“I didn’t realize how many bad guys there were until we had broken through the enemies’ lines and forced them to retreat. It was roughly 250 insurgents against 30 of us,” the corporal said. “It was a good day for the Marine Corps. We killed a lot of bad guys, and none of our guys were seriously injured.”

Take a moment to remember. by The Elephant's Child
November 25, 2008, 7:52 pm
Filed under: Foreign Policy, History, Terrorism | Tags: , , ,

Americans are celebrating Thanksgiving, but Ukrainians are remembering Holodomor, the horrific famine in 1932-1933 when the policies of Stalin led to the deliberate starvation of millions of Ukrainians at the rate of twenty-five thousand peasants per day.  Can you conceive of that number?

The great historian of the Soviet Terror, Robert Conquest, has noted that this genocide had two terrible effects: over the next decade or so, more than ten million peasants died.  At the same time, the Communists who oversaw the mass murder were brutalized into becoming bureaucrats for whom terror was an acceptable, normal method of carrying out “the revolution”.  Chilling!

Michael Ledeen invites us to remember, and to put the blame where it belongs.

Memo to President-elect Barack Obama: by The Elephant's Child

This is delicious.  The federal government, over the past 16 years, has invested billions of dollars in building a fleet of 112,000 alternative-fuel vehicles to serve as a model for the country’s benighted citizens.

It seemed like a good idea, but bureaucratic brilliance has a way of going haywire.  The expensive effort to put more workers into vehicles powered by ethanol and other alternate fuels ran into the minor problem that there were not fuel stations in place to support them. Oops!

“I call it the ‘Field of Dreams” plan.  If you buy them they will come,” said U.S. Postal Service vehicle operations manager Wayne Corey.  “It hasn’t happened.”

Under a mandate from Congress, federal agencies have gradually enlarged their fleets of alternative-fuel vehicles, most of them “flex-fuel,” capable of running on either gasoline or ethanol-base E85 fuel. Many of the vehicles were sent to locations that were hundreds of miles from a flex-fuel station.  Because of this awkward detail, more than 92 percent of the fuel used in the government’s alternative fuel fleet is simply ordinary gasoline.  A 2005 law requires agencies to seek waivers when a vehicle is more than five miles or 15 minutes from an ethanol pump. More paperwork as well.

The newest versions of flex-fuel vehicles often come only with larger engines than the ones that they replaced in the fleet.  So the program has often increased gasoline consumption and emission rates.

Not to mention the little side issues like the climbing cost of food because we are putting food crops in our gas tanks. Or, of course, the hunger strikes in developing countries.  We can look forward to the rules that Congress develops to save the automobile industry.

The sky is dark, there blows a storm, the soup is hot, the fire is warm. by The Elephant's Child
November 24, 2008, 5:45 pm
Filed under: Domestic Policy, Entertainment, Health Care | Tags: , ,

Thanksgiving week, and the mind turns to menus and food preparation.  A soup added to a turkey dinner might be too much for many appetites, but I offer it up as accompaniment for the leftovers.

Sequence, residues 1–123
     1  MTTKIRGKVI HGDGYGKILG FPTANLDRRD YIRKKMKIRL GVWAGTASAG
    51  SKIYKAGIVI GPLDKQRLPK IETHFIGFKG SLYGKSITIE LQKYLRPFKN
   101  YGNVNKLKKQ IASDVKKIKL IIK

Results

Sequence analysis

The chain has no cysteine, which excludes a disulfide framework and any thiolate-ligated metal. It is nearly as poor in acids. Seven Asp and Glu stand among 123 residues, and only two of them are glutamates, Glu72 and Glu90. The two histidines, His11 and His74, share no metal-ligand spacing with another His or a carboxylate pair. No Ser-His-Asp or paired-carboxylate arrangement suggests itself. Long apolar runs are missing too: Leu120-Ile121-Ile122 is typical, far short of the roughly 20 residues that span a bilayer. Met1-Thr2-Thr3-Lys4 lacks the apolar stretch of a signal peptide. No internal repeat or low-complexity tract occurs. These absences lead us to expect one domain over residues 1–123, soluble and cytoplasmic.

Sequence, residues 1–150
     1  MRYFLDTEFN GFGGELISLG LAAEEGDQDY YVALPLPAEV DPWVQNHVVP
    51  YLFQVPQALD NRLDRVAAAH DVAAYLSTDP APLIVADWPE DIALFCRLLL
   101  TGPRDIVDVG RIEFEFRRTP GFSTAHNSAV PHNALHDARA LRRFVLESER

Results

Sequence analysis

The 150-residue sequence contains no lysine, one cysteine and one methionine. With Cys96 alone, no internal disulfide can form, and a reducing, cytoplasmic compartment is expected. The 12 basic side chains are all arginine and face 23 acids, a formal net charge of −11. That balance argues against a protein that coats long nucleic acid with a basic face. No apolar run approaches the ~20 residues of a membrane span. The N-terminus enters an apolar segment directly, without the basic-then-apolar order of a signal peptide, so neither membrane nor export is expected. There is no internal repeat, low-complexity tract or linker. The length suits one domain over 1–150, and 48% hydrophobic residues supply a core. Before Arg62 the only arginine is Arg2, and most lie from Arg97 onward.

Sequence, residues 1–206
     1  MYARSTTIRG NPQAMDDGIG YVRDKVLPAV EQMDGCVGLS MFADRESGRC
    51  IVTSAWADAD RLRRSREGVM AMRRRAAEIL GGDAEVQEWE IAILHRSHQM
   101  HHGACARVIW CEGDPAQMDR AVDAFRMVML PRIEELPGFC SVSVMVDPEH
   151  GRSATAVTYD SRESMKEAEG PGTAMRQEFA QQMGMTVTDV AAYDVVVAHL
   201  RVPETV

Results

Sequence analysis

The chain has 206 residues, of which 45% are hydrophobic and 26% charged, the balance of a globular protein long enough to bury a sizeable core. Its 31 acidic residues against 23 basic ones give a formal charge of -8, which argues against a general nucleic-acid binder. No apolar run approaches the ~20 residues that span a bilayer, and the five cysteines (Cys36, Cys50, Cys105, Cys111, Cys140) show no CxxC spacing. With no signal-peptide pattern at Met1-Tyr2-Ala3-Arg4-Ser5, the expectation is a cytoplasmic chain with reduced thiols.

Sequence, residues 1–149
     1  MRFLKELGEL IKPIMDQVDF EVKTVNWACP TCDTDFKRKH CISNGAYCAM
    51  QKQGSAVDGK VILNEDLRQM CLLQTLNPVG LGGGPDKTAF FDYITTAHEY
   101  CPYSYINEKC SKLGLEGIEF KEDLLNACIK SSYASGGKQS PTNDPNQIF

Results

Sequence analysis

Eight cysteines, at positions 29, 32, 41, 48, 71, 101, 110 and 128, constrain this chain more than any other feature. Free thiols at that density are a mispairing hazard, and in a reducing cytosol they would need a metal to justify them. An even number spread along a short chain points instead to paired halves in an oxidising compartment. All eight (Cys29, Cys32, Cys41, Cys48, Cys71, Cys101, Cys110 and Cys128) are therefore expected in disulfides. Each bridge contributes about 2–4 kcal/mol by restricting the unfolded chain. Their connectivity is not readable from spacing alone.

Butternut Squash Soup

2 1/2 lbs. butternut squash, peeled, seeded and cut into cubes

5 Cups chicken stock (1 large can+ 1 can condensed)

1 Cup chopped onions

3/4 Cup white part of scallions or chopped shallots

2 Cups light cream (half & half)

salt and pepper to taste (use white pepper)

In a large kettle combine squash, chicken stock, onion and scallion or shallots.  Simmer until squash is tender.  Pureé mixture in small batches in a blender.  Add cream, reheat but do not boil.  Thicken slightly with cornstarch dissolved in water. Serve, garnished with finely chopped green part of scallions or with chopped chives.

The Iraq War is Over. by The Elephant's Child
November 24, 2008, 4:58 pm
Filed under: History, Iraq, Military, Terrorism | Tags: , , ,

That’s what Michael Yon reports today in the New York Post.  Michael Yon has been reporting on the War on Terror since December 2004 at His latest book is  Moment of Truth in Iraq , and I highly recommend it.  The civil war, he says, is completely over. Muqtada al-Sadr has lost a lot of support among the Shia.  Many view him as one whose influence derives solely from respect for his father.

The Iraqi Army continues to grow stronger and more professional by the month. Even the National Police, who last year were thought of as militia members in uniform and drew attacks, are slowly gaining acceptance and respect.  U.S. soldiers’ mentoring is working, and bonds of trust are being built between U.S. and Iraqi soldiers, police and citizens.  “The United States”, says Yon, “has a new ally in Iraq.  And if both sides continue to nurture this bond, it will create a permanent partnership of mutual benefit.”

Iraqis are tired of war and ready to get back to school, to business and to living life as it should be.

Do read the whole short article. The media have lost interest in Iraq, and prefer to think of it, if they think of it at all, as Bush’s failed war.  It is instead, a great Bush success.  It’s hard now to remember what an awful situation Iraq was in 2003.

I remember the Iraqis voting for the first time. We all remember the purple fingers. U.S. soldiers guarding the Iraqis lined up to enter the polling place noted a very pregnant Iraqi woman in line.  She went into labor while she waited in line, and a U.S. Medic came to her aid, delivered the baby, and the woman planted the baby in the soldier’s arms, and went in to vote.
Do not belittle Iraqi democracy. A people who endured the torture, the terror and brutality of a tyrant like Saddam Hussein could teach us a few things about the importance of the right to vote.